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Open Access Publications from the University of California

The Science of Emotion and Thought

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Emotions and Consumer Behavior

Professor Eduardo Andrade received his Ph.D. in Marketing from the University of Florida in 2004 before coming to theHaas School of Business. He studies the impact of emotions on consumer decision making. One of his studies publishedin 2009 shifted the concept of emotions from transient effects to long-term processes and his recent work is movinginto the burgeoning field of decision neuroscience, which uses neuroscience tools to study economic decision-making.When Berkeley Scientific Journal spoke with him in 2010, this latest project was only starting, but we were able to discusshis research in emotional judgment and marketing.

Emotion as a Psychological State

Professor Robert Levenson received his bachelors in psychologyfrom Georgetown University and subsequently received his masters and Ph.D. in clinical psychology from Vanderbilt University in 1974. He has been a professor at Cal since 1986 and has published on the physiological, cultural, and psyhiological components of emotion and marriage. He is the director of the Berkeley Psychophysiology Lab and sat down with Berkeley Scientific Journal to discuss his research on emotions, specifically how they can affect our daily lives and how they are affected by neurodegenerative disorders.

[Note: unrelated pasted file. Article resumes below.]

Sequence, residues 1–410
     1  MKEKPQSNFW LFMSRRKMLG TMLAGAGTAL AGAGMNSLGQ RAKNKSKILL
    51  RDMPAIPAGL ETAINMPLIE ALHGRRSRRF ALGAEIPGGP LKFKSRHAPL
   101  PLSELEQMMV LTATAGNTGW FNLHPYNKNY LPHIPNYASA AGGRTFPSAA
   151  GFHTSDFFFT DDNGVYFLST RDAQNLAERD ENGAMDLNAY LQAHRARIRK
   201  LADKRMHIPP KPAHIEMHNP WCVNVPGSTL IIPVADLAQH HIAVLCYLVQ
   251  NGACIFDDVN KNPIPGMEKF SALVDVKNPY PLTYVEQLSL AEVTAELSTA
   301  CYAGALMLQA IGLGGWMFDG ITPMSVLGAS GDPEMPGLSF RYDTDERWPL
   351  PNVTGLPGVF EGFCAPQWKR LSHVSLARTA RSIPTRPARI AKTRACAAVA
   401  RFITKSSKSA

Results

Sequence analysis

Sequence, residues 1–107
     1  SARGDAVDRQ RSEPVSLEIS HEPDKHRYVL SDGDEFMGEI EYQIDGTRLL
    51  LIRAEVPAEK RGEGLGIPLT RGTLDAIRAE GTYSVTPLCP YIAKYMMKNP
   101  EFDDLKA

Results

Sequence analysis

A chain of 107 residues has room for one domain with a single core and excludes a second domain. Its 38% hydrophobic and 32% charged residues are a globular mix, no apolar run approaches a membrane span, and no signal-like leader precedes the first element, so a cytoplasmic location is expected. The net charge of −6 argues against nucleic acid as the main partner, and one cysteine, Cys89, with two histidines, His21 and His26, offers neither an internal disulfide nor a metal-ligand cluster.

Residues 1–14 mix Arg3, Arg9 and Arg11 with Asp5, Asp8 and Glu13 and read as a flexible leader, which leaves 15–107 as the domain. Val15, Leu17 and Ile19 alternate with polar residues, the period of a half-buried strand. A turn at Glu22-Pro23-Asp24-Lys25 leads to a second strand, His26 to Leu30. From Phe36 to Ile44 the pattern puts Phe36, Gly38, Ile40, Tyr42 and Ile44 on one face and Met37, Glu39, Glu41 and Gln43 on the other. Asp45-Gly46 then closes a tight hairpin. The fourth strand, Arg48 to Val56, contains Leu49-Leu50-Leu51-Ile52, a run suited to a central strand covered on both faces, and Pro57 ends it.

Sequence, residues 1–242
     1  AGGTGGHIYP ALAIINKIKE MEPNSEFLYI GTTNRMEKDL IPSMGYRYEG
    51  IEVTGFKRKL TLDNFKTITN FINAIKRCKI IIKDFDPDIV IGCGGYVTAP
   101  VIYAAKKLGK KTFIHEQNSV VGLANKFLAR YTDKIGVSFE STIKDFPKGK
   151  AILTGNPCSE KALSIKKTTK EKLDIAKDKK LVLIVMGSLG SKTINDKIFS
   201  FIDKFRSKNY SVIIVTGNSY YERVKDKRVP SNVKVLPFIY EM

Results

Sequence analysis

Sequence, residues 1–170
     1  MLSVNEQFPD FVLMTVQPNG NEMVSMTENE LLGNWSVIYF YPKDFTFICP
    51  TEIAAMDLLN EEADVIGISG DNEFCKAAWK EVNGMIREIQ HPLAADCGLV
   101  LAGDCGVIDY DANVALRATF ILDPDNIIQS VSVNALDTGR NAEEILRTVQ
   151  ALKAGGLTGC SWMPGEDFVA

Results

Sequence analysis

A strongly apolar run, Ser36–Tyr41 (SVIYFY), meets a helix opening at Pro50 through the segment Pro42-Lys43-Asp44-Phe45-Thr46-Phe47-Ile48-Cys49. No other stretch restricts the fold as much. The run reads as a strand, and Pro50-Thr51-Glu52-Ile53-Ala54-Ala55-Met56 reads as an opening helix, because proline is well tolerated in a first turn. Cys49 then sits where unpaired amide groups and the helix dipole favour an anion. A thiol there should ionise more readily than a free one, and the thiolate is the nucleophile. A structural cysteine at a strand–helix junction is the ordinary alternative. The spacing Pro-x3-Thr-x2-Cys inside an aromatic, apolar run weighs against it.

Sea Urchins on the Move: Distribution Change of Echinometra in Mo’orea French Polynesia

The island of Mo’orea in French Polynesiafunctions as a model system to study the biologicaland ecological concept of niche differentiation,whereby two or more species are forced into differenthabitats so as to avoid competition with each other.In the waters surrounding this island, two speciesof sea urchin within the genus Echinometra livein distinctly different habitats. Previous studiesdocument Echinometra sp. A located exclusivelyon the fringing reef and Echinometra mathaeilocated exclusively on the barrier reef. This studyinvestigated three short-term factors (availablespace, nutrient supply, and predation) that mightbe influencing this spatial distribution. None ofthese factors appear to be causing the separation ofE. sp. A and E. mathaei. In fact, they all support thedistributional findings of this study that showednon-mutually exclusive distribution data on the tworeef types.